Indirect Costs: Costs incurred for a common or joint purpose benefiting more than one cost objective, and not readily assignable to the cost objectives specifically benefited, without effort disproportionate to the results achieved. Reference 2 CFR § 200.414.

Internal Controls: A process, effected by an entity's management and other personnel, designed to provide reasonable assurance regarding the achievement of objectives in the following categories: effectiveness and efficiency of operations and the reliability of financial reporting.

Local Governments: A county, municipality, city, town, township, local public authority, school district, special district, intrastate district, council of governments, any other regional or interstate government entity, or any agency or instrumentality of local government.

Management Review: A review of a State Highway Safety Office’s systems, programs, program performance, and operational processes for the purpose of improving and strengthening highway safety practices to ensure efficient administration and effective planning, implementation and evaluation of programs that have potential for saving lives.

Match: Federal share payable for the various highway safety grant programs (MAP-21 and SAFETEA-LU) that shall not exceed the percentage as required in the applicable regulations. States are required to provide match for the remaining percentage. Match can be direct or indirect costs, but must be traceable and auditable.

Match Requirements (80-20): 23 U.S.C. Section 120(b) provides that the Federal share payable for the State and Community Highway Safety Program (Section 402) and Section 405 shall not exceed 80 percent (except States that elect to participate in a sliding scale). States are required to provide match for the remaining 20 percent. Match can be direct or indirect costs, but must be traceable and auditable. Reference NHTSA Order 462-6C.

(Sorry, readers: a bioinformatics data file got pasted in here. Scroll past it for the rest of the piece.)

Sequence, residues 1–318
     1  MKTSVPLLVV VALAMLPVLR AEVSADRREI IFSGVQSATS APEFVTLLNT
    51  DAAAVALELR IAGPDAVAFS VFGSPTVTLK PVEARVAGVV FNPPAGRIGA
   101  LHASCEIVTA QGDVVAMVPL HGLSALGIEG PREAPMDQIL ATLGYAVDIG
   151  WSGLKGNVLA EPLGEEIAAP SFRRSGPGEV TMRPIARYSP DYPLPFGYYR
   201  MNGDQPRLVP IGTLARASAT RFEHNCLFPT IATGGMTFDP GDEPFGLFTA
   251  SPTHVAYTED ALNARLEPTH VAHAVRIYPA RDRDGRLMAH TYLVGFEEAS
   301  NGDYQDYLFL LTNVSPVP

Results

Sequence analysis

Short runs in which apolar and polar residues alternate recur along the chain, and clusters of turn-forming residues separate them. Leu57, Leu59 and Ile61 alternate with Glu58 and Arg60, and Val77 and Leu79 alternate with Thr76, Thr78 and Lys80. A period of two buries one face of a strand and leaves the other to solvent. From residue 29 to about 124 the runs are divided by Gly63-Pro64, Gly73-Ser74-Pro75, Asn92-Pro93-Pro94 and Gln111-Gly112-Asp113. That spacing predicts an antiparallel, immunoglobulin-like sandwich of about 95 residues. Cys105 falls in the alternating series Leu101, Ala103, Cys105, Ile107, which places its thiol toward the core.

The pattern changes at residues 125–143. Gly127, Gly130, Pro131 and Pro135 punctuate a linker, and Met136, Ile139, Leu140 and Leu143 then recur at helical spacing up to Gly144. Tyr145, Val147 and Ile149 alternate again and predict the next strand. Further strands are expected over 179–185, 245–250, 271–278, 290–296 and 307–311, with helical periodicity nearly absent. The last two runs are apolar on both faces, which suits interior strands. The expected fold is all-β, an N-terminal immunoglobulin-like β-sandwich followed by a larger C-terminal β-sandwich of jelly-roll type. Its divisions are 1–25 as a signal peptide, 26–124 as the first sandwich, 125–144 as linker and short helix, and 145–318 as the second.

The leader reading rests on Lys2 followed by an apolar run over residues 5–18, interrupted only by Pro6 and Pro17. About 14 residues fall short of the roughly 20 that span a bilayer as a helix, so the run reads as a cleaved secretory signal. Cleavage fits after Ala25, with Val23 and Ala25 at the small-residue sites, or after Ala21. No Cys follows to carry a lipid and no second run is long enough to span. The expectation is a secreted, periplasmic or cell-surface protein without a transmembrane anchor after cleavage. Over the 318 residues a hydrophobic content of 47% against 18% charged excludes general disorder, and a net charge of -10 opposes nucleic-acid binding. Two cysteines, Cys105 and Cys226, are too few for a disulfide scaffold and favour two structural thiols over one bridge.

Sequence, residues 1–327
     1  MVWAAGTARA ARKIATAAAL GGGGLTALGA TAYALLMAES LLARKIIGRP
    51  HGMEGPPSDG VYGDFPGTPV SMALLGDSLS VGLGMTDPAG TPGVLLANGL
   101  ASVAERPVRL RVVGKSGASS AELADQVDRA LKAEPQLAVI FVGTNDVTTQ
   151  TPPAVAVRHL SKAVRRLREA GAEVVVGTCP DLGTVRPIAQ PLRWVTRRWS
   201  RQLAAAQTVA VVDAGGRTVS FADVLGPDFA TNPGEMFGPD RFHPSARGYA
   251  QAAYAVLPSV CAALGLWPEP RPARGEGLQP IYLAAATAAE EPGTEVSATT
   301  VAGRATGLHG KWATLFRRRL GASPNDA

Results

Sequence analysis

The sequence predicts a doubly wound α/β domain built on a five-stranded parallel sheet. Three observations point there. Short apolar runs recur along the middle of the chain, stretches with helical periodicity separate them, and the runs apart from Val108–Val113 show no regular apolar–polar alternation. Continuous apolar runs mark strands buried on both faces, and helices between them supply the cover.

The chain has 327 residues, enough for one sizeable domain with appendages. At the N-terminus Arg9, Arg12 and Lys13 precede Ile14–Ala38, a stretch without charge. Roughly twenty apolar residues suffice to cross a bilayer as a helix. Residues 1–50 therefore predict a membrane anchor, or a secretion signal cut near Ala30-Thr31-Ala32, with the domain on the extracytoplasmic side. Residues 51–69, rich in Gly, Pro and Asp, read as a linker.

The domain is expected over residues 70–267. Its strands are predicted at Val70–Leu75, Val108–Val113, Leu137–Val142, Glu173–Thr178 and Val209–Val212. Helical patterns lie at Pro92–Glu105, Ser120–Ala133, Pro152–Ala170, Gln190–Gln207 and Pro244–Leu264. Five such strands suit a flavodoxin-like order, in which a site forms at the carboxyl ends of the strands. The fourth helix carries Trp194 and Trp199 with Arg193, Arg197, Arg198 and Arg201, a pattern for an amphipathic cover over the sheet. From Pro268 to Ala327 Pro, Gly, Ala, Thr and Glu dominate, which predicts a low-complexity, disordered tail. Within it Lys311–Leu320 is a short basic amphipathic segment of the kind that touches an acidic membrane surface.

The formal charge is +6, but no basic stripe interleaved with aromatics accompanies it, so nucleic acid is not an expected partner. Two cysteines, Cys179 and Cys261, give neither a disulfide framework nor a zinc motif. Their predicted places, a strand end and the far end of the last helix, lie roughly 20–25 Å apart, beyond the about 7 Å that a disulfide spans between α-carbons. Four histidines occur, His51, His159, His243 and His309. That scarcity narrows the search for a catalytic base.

Milestone: A major event to be accomplished by a given point in time.

Model Minimum Uniform Crash Criteria (MMUCC): Minimum set of crash data elements with standardized definitions that are relevant to injury control, highway, and traffic safety.

Monitoring: Management and oversight of the day-to-day operations of grant and sub-grant supported activities to assure compliance with applicable Federal and State requirements and that performance goals are being achieved. Monitoring covers each program, function or activity. Reference 2 CFR § 200.328.

Motorcycle: A motor vehicle with motive power having a seat or saddle for the use of the rider and designed to travel on not more than three wheels in contact with the ground.

National Priority Program Areas MAP-21 Section 405 Grants: Identified program areas that encompass a major highway safety problem of national concern and for which effective counter-measures are identified. Reference 23 CFR Part 1200, Subpart C.

National Highway Traffic Safety Administration: An agency of the U.S. DOT whose mission is to promote safer vehicles and safer driving practices to reduce deaths, injuries, medical costs and other economic losses resulting from motor vehicle crashes.

NHTSA Regional Offices: NHTSA is geographically divided into ten regions, each having technical assistance and oversight responsibility for specific States, Territories and Indian Highway Safety Program.

Non-Major Equipment: All tangible property, which does not meet the definition of major equipment, including supplies. States may have their own definition.

Notice of Proposed Rulemaking (NPRM): Published in the Federal Register to allow for comments on draft rulemaking by the Federal Government.